Transavia has started a cooperation with Bit (wearebit.com) to build on technical innovations that contribute to making flying more sustainable. Bit is a research organization at Amsterdam Science Park where the 50 best technical talents develop prototypes of hardware, software and artificial intelligence for leading companies. Mattijs ten Brink, Transavia CEO: “We have the ambition to reduce our footprint, CO2 emissions. We want to accelerate in a number of areas and have brought in the expertise of these top talents. ”
Transavia invests in sustainability in various areas. Mattijs ten Brink: “We are reducing CO2 emissions by investing in fleet renewal, more efficient flying, engine washes, Split Scimitar Winglets and cooperation in making fuel more sustainable, such as the initiative at Rotterdam The Hague Airport with sustainable CO2 kerosene. In addition, we have activities on the ground such as the use of solar panels, the use of green energy and gray water and the use of electric vehicles. There are also ongoing projects to reduce waste on board. We seek cooperation in all areas with partners such as these with these UvA and TU Delft alumni who are among the best in their group. They can investigate innovations in a targeted way and help us fly more efficiently with the help of artificial intelligence, for example.
Marco van der Werf, co-founder of Bit: “Bit specializes in developing projects with the very latest research topics such as artificial intelligence, internet of things and Smart Robots. They are now using this knowledge to investigate, for example, how the exact weight of the device can be measured in real-time with the load. After all, when passengers know the exact weight of the aircraft, they can fly very efficiently. “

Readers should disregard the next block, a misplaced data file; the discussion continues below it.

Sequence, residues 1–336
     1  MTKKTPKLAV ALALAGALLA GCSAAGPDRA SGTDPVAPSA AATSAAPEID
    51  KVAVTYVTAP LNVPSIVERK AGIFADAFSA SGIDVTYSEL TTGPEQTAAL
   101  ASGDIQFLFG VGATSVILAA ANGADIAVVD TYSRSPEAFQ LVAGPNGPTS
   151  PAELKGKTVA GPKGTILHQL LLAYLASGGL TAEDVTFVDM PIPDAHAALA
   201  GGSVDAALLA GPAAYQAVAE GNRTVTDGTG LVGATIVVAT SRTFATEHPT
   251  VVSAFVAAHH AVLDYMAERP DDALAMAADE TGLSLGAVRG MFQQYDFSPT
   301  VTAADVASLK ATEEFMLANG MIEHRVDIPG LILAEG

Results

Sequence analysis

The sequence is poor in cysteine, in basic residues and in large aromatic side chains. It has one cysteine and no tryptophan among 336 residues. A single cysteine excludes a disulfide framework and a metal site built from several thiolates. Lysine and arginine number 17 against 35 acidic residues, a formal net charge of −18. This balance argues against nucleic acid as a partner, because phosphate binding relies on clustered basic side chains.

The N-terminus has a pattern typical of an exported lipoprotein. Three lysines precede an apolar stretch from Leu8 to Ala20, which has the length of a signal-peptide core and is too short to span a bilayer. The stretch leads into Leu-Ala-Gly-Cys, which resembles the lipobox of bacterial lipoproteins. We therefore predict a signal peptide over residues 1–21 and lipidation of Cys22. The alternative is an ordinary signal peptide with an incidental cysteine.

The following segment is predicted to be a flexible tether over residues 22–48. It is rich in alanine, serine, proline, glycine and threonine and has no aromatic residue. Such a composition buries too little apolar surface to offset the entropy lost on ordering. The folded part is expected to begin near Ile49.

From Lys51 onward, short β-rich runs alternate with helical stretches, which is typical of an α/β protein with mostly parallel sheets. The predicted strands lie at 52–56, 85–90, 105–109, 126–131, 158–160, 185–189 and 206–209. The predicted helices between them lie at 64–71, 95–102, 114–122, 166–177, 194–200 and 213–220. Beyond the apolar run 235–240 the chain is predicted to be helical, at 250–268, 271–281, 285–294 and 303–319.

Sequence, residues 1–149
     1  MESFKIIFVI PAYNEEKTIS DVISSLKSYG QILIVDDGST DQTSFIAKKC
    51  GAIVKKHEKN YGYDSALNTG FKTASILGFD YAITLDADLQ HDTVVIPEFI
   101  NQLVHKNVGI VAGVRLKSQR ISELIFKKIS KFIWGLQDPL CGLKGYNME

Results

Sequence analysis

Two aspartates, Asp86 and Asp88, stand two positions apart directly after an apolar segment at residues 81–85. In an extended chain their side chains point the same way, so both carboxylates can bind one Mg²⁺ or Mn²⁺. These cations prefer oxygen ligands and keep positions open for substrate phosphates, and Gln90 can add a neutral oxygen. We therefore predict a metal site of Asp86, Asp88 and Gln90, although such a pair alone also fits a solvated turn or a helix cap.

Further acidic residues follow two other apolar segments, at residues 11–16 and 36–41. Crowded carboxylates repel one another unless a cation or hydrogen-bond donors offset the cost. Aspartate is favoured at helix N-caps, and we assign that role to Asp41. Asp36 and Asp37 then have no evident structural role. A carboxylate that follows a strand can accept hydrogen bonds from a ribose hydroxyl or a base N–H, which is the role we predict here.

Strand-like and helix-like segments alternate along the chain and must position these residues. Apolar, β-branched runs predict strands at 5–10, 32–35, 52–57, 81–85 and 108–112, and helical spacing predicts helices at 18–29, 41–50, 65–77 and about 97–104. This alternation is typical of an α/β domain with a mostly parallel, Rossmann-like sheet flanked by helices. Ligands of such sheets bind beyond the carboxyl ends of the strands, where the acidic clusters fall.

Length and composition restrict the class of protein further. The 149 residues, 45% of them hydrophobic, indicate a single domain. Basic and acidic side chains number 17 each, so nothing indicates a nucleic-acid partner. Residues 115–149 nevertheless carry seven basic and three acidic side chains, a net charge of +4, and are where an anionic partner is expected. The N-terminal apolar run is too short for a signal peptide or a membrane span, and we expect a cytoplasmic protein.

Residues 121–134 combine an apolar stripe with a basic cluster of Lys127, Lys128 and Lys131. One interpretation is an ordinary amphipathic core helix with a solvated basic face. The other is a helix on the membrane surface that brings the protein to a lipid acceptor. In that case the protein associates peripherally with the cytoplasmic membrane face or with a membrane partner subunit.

Vincent Damen, Bit
“We are very curious about the results of the experiment and hope that together with Transavia we will take another step towards reducing CO2 emissions
Peter Smit, Head of Flight Service: “One of the elements that is now being looked at is whether the actual weight of aircraft and passengers can be determined on the basis of progressive techniques such as Deep Learning combined with infrared. With this data our pilots can calculate exactly which flight height and speed are the most optimal for a flight that is carried out as sustainably as possible. This saves fuel and therefore CO2 emissions. ”The experiments carried out by the Biters are carried out at Eindhoven Airport where all cooperation is provided for conducting the investigations.
The Biters are also working on the project with great enthusiasm. Vincent Damen, Bit’er and UvA alumnus: “Great to get this great opportunity to contribute to making flying sustainable. We are very curious about the results of the experiment and hope that together with Transavia we will take another step towards reducing CO2 emissions. ”
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